I firmly believe that the principles as much as the products are the engine of the success of a company. A startup can have a compelling brand history and good public relations, but if it’s inconsistent internally – if its employees and leaders can’t identify its core values - sooner or later there will be problems.
At Heap, the analytics solutions provider that I lead, a fundamental principle is that good ideas should not be wasted in favor of top-down diktats and overly rigid hierarchies. Although I’m the CEO, I admit that I don’t always have the best view just because I’m on top of (the) Heap. The best results come when you approach leadership like you’re creating a great product – you hypothesize, you test and iterate, and once you get the hang of it, you develop it.
Most of us have had the experience of receiving a sudden decree “from above” which takes little account of the real situation, as opposed to the theoretical situation, of the people on the ground.
Single decrees versus agile and iterative change
I have used this method in the businesses that I have managed. The scientific method, with its cycle of observation, reporting, hypothesis, experimentation, analysis and reporting, is a powerful tool for the development of products and processes.
While my process is not enough As rigorous as the scientific method and tends to sprint where science slowly treads, it is based on similar principles. Before I describe the system, a caveat: While this is an easy way to iterate new concepts and evaluate new designs, my method requires a real commitment to the principles of cooperation and collaboration. In an organization based on a hierarchy and a strict structure, this could be the recipe for group thinking and undeserved consensus. The iteration is not, however, a justification for the delay: there may be several iterations of a project, but these iterations follow each other quickly.
Most of us have had the experience of receiving a sudden decree “from above” which takes little account of the real situation, as opposed to the theoretical situation, of the people on the ground. You know what I mean: the sales team in the saturated territory is told they need to increase revenue by 20%, the already lean division needs to cut costs by 10%. Movements like this are bad for morale; they inspire resentment and cut corners. It is precisely to avoid this kind of top-down debacle that Heap is taking a collaborative and iterative approach to change.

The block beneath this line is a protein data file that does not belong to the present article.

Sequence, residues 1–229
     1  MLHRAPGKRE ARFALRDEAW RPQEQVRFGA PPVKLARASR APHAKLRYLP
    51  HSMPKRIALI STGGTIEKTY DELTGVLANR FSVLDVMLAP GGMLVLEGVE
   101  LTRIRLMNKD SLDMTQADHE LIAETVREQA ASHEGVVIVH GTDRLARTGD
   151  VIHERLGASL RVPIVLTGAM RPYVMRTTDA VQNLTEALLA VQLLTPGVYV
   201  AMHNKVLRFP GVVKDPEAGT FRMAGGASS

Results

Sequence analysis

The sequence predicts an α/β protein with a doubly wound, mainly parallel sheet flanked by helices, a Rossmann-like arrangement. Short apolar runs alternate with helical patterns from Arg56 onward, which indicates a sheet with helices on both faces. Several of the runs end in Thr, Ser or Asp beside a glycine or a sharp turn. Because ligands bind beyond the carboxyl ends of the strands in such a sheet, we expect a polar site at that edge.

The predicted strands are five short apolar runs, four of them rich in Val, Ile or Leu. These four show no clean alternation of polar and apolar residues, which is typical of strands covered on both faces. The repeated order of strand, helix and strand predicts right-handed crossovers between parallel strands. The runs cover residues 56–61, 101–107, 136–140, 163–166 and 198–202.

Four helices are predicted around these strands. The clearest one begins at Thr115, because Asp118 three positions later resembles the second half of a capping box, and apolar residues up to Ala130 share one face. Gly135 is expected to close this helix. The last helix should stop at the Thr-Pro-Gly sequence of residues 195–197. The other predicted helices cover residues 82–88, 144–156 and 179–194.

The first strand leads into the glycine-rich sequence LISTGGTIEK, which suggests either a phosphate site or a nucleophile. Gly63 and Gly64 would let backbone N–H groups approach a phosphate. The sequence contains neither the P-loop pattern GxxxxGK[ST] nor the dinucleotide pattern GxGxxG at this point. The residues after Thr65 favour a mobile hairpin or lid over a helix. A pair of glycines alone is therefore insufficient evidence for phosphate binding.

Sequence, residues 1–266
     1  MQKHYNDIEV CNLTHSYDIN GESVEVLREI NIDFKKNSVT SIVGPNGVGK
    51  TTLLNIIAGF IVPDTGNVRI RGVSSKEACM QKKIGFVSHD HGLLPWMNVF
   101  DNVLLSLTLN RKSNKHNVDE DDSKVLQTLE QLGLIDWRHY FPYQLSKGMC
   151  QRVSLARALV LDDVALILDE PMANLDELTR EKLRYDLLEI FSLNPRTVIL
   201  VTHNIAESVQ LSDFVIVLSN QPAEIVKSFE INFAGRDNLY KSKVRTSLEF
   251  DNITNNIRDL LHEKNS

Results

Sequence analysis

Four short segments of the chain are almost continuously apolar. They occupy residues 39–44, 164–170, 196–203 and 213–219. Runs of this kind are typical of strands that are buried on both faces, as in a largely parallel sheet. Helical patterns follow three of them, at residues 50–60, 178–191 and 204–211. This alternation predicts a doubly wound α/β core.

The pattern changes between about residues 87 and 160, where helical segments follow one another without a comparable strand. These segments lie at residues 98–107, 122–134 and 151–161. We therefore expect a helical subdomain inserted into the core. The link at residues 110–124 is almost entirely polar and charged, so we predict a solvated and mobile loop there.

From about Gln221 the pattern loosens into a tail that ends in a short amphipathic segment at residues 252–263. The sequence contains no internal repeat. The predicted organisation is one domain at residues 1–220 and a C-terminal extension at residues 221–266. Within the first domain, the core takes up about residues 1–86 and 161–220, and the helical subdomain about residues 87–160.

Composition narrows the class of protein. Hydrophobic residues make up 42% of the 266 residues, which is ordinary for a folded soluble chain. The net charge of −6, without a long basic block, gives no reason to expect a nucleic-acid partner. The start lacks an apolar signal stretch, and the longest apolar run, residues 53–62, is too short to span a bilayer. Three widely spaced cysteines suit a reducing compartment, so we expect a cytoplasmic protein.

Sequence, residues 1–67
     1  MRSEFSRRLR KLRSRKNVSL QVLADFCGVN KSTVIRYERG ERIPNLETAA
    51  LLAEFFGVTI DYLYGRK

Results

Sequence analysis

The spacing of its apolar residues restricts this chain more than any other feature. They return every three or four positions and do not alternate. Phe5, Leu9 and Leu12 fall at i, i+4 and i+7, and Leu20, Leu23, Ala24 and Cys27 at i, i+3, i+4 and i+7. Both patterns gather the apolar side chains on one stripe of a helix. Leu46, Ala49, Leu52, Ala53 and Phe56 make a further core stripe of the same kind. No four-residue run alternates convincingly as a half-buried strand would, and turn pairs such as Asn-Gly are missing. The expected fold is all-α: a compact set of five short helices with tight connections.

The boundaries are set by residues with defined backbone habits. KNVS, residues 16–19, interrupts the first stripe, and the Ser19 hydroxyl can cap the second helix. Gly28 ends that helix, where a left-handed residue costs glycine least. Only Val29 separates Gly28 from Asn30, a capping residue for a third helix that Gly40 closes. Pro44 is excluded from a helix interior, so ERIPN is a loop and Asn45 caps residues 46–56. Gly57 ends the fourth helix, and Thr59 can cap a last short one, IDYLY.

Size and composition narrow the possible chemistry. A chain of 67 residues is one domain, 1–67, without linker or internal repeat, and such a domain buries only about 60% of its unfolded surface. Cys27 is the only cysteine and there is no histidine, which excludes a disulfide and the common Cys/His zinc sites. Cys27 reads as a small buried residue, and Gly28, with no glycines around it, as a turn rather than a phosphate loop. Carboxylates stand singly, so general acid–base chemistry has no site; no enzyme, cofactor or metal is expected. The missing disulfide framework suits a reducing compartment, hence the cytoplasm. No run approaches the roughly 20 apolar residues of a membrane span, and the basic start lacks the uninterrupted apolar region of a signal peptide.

Pass ideas back and forth
We put the best minds in our business to work to design an initial prototype of anything our business might need. This prototype could be a minimum viable product for commercial release, neat messaging for our next releases, or even a compendium of internal workflows.
But we cannot consider a perfect project if it has never been exposed to the outside world in the office. Whether we’re building a project, tweaking our messaging, or establishing pricing tiers, we’re testing in the real world. We show products to consumers, prospects and advisors, who invariably have needs that we did not anticipate. Testers’ concerns may send us back to the drawing board, but it’s accepted and expected. It’s the testing and refining that leads to the best product. While some companies prefer to rush into the market, we have observed that it does not work. A rushed product will frustrate users, lose word of mouth enthusiasm, and provide an opportunity for our competition.
But it’s not just for product versions; we adopt a similar strategy to determine changes within the company.